The risk posed to political campaigns and elections by misinformation, disinformation, security breaches and digital manipulation have never been greater.
And the tools for voters to safeguard our democracy haven’t kept up.
The University of Southern California, in collaboration with Google, has launched the USC Cybersecurity Initiative, which is conducting workshops in all 50 states between now and Election Day to help voters, elected officials and campaigns understand the threat and develop techniques to counter them.
On Thursday, the workshop will come virtually to Maine with an online event that’s free and open to all. (Disclosure: I will be participating in one of the panels, but you can just mute me if you like.)
Gov. Janet Mills is expected to deliver opening remarks via video and there will be panels during the two-hour program focusing on cybersafety, disinformation and misinformation, and crisis communication.
The project is non-partisan. It’s not about helping Democrats, Republicans or independents. As Adam Clayton Powell III, the executive director of the project, says, “our candidate is democracy.”
The goal of the project is to present basic best practices and also identify unique practices from individual states.
“We originally crafted the framework for this initiative to visit all 50 states in person — to train people in campaigns and elections on the best practices in cybersecurity,” Justin Griffin, the managing director of the initiative, said in an interview. “As a result of the pandemic we needed to shift our strategy quickly. … We have seen our audience size and scale increase as a result of these digital workshops. We are on schedule to complete our virtual tour before Election Day 2020, training even more people in our target audience than originally anticipated.”
So far, the workshop has been presented in 27 states, including in New Hampshire in May.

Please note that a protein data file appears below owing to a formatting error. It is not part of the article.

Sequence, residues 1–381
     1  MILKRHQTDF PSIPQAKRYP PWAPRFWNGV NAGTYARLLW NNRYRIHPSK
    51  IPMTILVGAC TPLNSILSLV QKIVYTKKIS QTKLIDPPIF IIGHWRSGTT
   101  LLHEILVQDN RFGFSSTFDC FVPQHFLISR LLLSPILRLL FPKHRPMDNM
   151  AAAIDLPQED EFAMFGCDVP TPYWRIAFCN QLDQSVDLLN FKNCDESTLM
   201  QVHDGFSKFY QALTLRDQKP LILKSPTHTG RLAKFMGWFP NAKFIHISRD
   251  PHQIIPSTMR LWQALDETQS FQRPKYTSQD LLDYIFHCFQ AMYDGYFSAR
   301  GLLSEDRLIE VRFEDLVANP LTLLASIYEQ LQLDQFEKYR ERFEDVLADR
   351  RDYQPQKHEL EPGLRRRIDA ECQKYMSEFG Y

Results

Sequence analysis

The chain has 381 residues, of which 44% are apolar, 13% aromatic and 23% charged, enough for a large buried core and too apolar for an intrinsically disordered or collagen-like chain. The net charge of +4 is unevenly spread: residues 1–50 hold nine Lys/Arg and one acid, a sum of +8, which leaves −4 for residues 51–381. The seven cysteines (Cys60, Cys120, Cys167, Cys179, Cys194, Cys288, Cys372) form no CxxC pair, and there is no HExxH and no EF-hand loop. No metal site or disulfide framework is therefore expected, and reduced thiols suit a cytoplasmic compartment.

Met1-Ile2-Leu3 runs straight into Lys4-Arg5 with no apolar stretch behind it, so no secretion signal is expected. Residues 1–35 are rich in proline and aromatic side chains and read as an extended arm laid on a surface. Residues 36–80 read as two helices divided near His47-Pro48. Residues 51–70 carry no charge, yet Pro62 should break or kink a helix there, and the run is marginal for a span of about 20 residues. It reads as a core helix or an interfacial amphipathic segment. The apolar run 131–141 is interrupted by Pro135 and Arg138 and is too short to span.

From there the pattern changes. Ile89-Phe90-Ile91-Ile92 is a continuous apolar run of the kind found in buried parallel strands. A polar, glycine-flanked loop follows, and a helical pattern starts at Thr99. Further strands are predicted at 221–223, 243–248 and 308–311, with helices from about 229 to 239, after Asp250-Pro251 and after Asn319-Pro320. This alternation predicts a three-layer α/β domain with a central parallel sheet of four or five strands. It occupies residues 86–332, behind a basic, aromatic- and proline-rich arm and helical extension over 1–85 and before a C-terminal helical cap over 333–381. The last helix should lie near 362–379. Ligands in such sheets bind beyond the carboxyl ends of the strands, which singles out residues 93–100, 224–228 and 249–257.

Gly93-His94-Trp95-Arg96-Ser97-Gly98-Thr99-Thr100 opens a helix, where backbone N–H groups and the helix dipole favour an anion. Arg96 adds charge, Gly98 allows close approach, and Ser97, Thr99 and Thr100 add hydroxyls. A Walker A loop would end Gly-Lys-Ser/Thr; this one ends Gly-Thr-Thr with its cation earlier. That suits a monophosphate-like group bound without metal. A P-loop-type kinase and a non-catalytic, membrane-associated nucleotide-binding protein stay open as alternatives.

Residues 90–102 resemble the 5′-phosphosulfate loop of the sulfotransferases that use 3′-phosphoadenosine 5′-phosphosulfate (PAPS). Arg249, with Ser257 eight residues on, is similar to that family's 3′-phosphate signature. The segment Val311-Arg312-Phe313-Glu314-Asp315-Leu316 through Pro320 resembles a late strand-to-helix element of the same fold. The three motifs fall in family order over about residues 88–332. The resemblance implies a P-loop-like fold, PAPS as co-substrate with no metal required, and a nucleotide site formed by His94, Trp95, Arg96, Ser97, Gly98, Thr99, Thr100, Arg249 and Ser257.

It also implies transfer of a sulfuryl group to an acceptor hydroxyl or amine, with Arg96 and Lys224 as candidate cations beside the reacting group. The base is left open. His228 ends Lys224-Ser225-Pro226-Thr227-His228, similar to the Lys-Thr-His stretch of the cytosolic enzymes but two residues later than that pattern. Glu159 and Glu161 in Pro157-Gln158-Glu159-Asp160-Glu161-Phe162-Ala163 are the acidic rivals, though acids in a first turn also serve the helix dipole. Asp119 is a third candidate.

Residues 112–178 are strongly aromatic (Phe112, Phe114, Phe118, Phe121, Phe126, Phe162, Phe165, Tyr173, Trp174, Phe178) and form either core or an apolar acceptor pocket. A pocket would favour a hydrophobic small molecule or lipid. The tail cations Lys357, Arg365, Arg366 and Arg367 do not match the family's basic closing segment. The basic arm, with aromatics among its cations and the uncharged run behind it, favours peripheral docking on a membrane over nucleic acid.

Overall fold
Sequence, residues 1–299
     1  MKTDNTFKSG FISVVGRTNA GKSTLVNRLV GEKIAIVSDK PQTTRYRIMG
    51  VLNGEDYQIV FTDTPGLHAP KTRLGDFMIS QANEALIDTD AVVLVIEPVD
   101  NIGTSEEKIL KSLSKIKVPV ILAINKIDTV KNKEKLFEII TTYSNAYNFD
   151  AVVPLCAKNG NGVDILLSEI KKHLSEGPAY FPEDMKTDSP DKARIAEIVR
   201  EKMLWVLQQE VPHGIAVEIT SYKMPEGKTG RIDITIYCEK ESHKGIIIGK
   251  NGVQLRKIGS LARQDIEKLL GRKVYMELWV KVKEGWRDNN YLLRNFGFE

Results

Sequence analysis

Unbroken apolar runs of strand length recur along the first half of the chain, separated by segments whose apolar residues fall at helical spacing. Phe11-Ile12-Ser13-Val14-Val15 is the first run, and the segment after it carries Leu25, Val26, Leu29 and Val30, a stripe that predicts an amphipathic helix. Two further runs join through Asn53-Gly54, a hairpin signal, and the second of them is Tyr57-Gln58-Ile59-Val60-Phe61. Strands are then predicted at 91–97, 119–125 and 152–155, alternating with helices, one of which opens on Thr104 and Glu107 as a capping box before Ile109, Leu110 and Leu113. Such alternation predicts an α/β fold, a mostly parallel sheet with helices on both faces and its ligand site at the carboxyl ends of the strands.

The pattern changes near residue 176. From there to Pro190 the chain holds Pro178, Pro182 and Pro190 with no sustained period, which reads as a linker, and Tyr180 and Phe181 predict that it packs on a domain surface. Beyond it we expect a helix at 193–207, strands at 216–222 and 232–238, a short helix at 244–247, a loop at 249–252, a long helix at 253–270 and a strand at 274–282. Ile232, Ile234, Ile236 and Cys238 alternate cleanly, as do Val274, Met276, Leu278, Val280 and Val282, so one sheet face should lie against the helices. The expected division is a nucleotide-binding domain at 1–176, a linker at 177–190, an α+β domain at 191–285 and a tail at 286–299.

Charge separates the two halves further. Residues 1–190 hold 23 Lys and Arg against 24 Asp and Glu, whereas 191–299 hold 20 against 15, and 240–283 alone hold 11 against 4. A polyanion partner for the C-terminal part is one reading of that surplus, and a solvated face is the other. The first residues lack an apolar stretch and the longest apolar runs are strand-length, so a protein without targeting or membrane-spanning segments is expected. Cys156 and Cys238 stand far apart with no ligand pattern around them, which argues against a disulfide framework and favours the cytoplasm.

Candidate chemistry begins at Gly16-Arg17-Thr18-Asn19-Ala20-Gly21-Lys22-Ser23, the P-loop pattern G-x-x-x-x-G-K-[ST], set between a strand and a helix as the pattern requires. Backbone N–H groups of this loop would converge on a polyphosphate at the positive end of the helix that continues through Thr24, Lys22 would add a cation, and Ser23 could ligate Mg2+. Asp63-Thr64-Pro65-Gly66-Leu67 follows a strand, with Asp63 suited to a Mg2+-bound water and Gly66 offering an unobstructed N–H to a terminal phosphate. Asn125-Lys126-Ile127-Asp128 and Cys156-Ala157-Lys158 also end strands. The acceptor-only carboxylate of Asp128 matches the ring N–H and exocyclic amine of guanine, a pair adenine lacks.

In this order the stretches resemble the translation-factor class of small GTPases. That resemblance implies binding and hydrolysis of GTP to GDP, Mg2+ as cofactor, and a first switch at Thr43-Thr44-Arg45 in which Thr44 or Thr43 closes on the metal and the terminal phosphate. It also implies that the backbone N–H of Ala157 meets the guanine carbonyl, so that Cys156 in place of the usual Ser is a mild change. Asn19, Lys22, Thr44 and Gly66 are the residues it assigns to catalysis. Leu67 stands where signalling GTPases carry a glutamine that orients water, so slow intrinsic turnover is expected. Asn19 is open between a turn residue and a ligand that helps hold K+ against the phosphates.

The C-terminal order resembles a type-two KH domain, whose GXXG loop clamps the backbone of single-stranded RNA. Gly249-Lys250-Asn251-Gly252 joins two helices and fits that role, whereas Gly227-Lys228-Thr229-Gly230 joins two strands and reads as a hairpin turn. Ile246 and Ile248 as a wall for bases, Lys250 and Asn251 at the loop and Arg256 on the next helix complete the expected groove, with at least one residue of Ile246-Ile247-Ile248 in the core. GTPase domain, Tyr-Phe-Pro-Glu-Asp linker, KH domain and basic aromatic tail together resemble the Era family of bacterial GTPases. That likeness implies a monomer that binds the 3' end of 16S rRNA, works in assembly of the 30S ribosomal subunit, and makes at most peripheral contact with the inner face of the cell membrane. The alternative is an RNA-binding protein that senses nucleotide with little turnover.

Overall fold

The threat to campaigns and to elections is real, and we are living through unprecedented times with COVID-19.
In Maine, for example, the normal June primary was rescheduled for July 14, and there’s been a surge in absentee ballot requests, which is a safe way for voters to participate by mail.
Along with misinformation and disinformation online, including fake pictures or videos, and ongoing hacking efforts that target candidates, campaigns and staff, there’s a growing interest in how campaigns and voters can protect themselves.
Russian interference in the 2016 election has been well-documented, but the country’s efforts started before that year and continue today.
According to NPR, for six years, “an obscure disinformation campaign by Russian operatives has flooded the Internet with false stories in seven languages and across 300 social media platforms virtually undetected.”
The campaign has included fake news stories and Tweets from government officials to spread Russian propaganda.
Fake photos and videos are everywhere. Just last week, President Donald Trump retweeted a video that had been manipulated of two toddlers. The video had been altered and included a fake CNN headline: “Terrified toddler runs from racist baby,” the Washington Post reported. The video was eventually removed by Facebook and Twitter.
When it comes to cybersecurity, Maine’s paper ballot system is the ultimate safeguard. Not sure it’s possible to hack a piece of paper. But it doesn’t take much imagination to envision hackers targeting news organizations and replacing real election results with fake numbers, or targeting other systems that help to share election information and results.
While the outcome of the election in Maine could eventually be reconstructed, such attacks could create chaos and confusion, and be weaponized to discredit the outcome or call into question the winner.
It’s scary stuff.
But ultimately, the best defense is an informed and prepared electorate. On Thursday, we all have a chance to spend a couple of hours learning how we can do our part to protect democracy. I hope you’ll join the show.
David Farmer is a public affairs, political and media consultant in Portland, where he lives with his wife and two children. He was senior adviser to Democrat Mike Michaud’s 2014 campaign for governor.